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Economic growth focuses more on quality


04-16-2016 05:28 BJT

China's first quarter GDP figures show a slight slowdown in growth rate. Still, authorities say there are many highlights for such results amid a sluggish world economy. But where is China's economy heading going forward? CCTV reporter Xing Zheming sat down with Sir Andrew Likierman, Dean of London Business School, and LBS's Economist Professor Richard Portes, to ask how they think about the growth prospects.

Fresh GDP figures are out for the world's second largest economy. Its GDP grew by 6.7 percent in the first quarter year-on-year.

This compares to last year, when China's GDP rose by 6.9%, the slowest rate in 25 years.

China's economic growth is indeed slowing down. But the first quarter results are in line with market expectations, and fall within the growth target set by the government.

"The problems are of slowing growth rather than slow growth. Of course, in west Europe, we can only dream about the kind of growth rate which China is currently enjoying. So the issue with China I think is about the questions of a slower growth rate than it's desirable and is seen desirable. But again there are plenty of opportunities within the economy to boost the growth rate. And I know that steps are being taken to do so. So again, I'm confident this is something which for the future will be addressed," Sir Andrew Likierman said.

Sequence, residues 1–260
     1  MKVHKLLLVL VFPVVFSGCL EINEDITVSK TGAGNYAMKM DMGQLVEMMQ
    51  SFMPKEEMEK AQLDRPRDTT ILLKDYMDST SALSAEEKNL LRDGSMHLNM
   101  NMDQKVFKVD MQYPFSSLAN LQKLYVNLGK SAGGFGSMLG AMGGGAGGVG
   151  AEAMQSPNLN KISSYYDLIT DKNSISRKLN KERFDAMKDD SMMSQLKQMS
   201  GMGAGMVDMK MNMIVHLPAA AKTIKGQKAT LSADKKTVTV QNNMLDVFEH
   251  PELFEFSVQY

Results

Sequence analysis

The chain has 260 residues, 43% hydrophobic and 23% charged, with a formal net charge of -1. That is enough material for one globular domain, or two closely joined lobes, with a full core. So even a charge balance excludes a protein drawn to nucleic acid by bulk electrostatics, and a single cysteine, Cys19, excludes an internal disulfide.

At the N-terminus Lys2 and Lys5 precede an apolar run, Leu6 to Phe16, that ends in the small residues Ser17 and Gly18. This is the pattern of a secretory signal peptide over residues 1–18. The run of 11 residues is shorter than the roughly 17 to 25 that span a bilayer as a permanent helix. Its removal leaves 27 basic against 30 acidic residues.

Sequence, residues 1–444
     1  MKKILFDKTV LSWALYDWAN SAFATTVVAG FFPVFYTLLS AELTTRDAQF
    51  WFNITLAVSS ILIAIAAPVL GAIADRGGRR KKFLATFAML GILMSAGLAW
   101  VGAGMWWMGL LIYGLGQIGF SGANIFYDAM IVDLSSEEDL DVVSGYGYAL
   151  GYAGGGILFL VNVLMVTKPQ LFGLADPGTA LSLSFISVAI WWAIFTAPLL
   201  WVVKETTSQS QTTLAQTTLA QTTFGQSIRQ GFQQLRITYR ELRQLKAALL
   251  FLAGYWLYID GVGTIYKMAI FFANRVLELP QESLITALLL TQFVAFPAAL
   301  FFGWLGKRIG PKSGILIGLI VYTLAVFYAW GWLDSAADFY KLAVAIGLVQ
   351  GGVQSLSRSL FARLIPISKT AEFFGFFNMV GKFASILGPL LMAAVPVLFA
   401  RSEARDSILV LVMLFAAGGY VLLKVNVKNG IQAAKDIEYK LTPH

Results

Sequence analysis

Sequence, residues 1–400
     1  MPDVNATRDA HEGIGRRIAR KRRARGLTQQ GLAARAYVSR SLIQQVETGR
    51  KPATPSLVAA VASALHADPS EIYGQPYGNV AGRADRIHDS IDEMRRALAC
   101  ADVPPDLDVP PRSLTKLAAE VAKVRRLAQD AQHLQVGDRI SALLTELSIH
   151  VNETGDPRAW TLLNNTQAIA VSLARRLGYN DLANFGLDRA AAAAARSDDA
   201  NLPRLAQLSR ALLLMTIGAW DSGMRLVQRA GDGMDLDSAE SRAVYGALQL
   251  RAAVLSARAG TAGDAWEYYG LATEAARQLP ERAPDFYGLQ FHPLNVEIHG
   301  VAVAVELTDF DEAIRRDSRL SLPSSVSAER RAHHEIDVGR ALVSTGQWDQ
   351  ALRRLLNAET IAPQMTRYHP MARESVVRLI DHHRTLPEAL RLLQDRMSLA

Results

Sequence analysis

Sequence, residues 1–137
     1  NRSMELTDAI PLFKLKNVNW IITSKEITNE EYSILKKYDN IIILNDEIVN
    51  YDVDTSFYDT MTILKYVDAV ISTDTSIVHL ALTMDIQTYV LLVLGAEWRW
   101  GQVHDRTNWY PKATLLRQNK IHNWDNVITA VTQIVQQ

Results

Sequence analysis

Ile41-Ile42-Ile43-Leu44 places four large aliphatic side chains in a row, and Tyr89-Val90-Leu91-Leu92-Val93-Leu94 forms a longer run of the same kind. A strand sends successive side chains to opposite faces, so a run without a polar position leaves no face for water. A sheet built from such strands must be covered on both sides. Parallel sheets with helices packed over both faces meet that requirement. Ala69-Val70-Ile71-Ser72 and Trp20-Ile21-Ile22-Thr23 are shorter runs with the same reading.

What can we understand from the GDP figures in the first quarter? How will China's economy move forward? Experts say amid a sluggish global economy and the ongoing economic transformation, this figure is actually quite impressive.

"I think it's realistic to see between now and 2020 a growth rate of around 6 percent on average. I do not see a significant risk of a crash down to 3 percent or 2 percent whatever," Professor Richard Portes said.
"China is crucial to the world economy. What we know is that once upon a time, it was said that if America caught a cold, then the rest of the world had pneumonia. Now I'm afraid if China catches a cold, the rest of the world has a pneumonia. So obviously we are very concerned and very interested in Chinese growth prospects. I'm no better than other peole predicting what will happen. What I'm very confident about is that the issues China faces will not be permanent," Sir Andrew Likierman said.

They said multiple government initiatives, fast-developing enterprises and a large number of trained workers, offer China a competitive edge on the global map. 

"I've seen in my visits here remarkable stories of entrepreneurship. And I think you can expect that, you can rely on that. Every time I come, I'm amazed by how much it has changed," Professor Richard Portes said.

"Well every time I come to China, things change dramatically. And it's a very very exciting place to come. One has a sense of energy and all the buzz about the way which people do business here, that makes me very confident about the future of the Chinese economy. I know that many people are worried about many trends, but my sense that the Chinese economy is strong and the long term for China I believe is very bright," Sir Andrew Likierman said.

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